Malt Whisky

Malt Whisky
Malt Whisky
It is perhaps strange that a small wet country on the far northwest fringe of Europe should produce a cult drink that has captured the world's imagination. For 'cult' is the only way to describe single malt Scotch these days. It has crossed boundaries of class, age and sex: cherished by tweedy colonels and hipper-than-thou urbanites, malt has never had it so good.

It wasn't always like this. As recently as the mid-1970s few people had ever tasted a single malt. Scotch meant blends, and malt distilleries were simply the suppliers of fillings for the big brands. That in itself was a far cry from malt's rural beginnings.

Distilling was part of the Highland way of life and there was a pleasing rhythm to it. 11 WM a way to use up surplus grain, the i .iltlc could be fed on the draff and the I'xceiS production could be sold or bartered. The first signs of the modern malt industry emerged after the failure of the 1745 rebellion, when draconian laws effectively outlawed Highland culture. By restricting i In; production and sale of Highland malt, I ho government forced people off the land. I Itose who stayed were soon criminalized, .is they were forced into illegal distillation ,md smuggling to make ends meet.

A change in the law in 1823 paved the way for tenant farmers, landowners and entrepreneurs to take over production. Larger plants were built and, when blended whisky appeared in the 1850s, malt became part of a new-look industry. It's only now, as blends have fallen from favour, that single malt is able to shine.

Today, most malt drinkers regard single malt much as they regard fine wine -distilleries make regional specialities through their unique terroir, don't they? Well, regionality is a starting point, but that's all; if there is a Speyside style it is born from production and not terroir. If Mr Grant realized that Mr Smith was selling lots of whisky, isn't it likely that Mr Grant would try and make his whisky taste vaguely the same? There are exceptions, such as Islay, where the peat is different and malts matured in the island's sea-lashed warehouses will absorb some of the spume-laden air. But the beauty of Islay is that it never behaves in the same way as the rest of Scotland.

So what makes each malt a distinct individual? Water has a slight effect, particularly if it has run over peat and picked up phenolics. The type of malt used may also have an impact, though only two distillers insist on using one strain for its flavours. Even malting is a fairly standardized - if highly skilled - process. Flavour can appear here if peat is used in the kilning, but most modern malt is unpeated.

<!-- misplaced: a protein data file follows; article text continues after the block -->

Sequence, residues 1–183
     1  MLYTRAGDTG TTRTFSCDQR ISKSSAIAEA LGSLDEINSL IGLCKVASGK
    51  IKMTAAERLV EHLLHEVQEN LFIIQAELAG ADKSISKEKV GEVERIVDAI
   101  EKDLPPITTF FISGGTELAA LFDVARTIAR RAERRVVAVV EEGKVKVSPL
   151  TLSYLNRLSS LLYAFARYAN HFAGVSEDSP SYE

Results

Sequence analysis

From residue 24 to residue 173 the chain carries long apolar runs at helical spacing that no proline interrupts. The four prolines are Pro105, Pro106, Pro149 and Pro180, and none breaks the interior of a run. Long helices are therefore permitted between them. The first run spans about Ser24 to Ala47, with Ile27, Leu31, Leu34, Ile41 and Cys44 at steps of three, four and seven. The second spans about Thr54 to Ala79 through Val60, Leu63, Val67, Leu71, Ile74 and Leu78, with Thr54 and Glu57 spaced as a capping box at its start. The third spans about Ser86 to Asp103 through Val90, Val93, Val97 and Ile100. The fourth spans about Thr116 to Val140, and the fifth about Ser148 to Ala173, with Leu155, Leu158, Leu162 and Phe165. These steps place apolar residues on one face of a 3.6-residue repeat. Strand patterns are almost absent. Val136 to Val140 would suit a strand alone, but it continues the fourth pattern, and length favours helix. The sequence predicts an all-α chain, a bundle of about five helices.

In most malts, flavour begins in the washbacks. If you ferment for less than 48 hours the spirit will have a nutty-spicy character; any longer and you start introducing more complex flavour compounds. Ultimately, though, it's down to the shape and size of the stills, the speed at which they are run, the size of the middle cut and how the vapour is condensed. The shape directs how the vapour rises up the neck, tall stills should produce a lighter spirit, as the heavier alcohols fail to make it up the neck. Conversely, short and fat stills should give a heavier result. The length of the cut will then affect character; the wider the cut, more rich, powerful congeners are collected and this is where peatiness lurks; while worm tubs tend to produce a meatier spirit than condensers.

Finally, there's the forgotten element -wood. Up to 60 per cent of a malt's flavour comes from the barrel, and each type of cask interacts with the new make spirit in a different way. A clever distiller can play as many tunes by blending wood types as he can with the stills. This is not to dismiss malt distilling as coldly scientific; the more you delve into its mysteries the more bizarre it becomes. The spirit of the spirit remains enigmatic, elusive, magical. Long may it remain so.

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About The Author, Mario Oreilly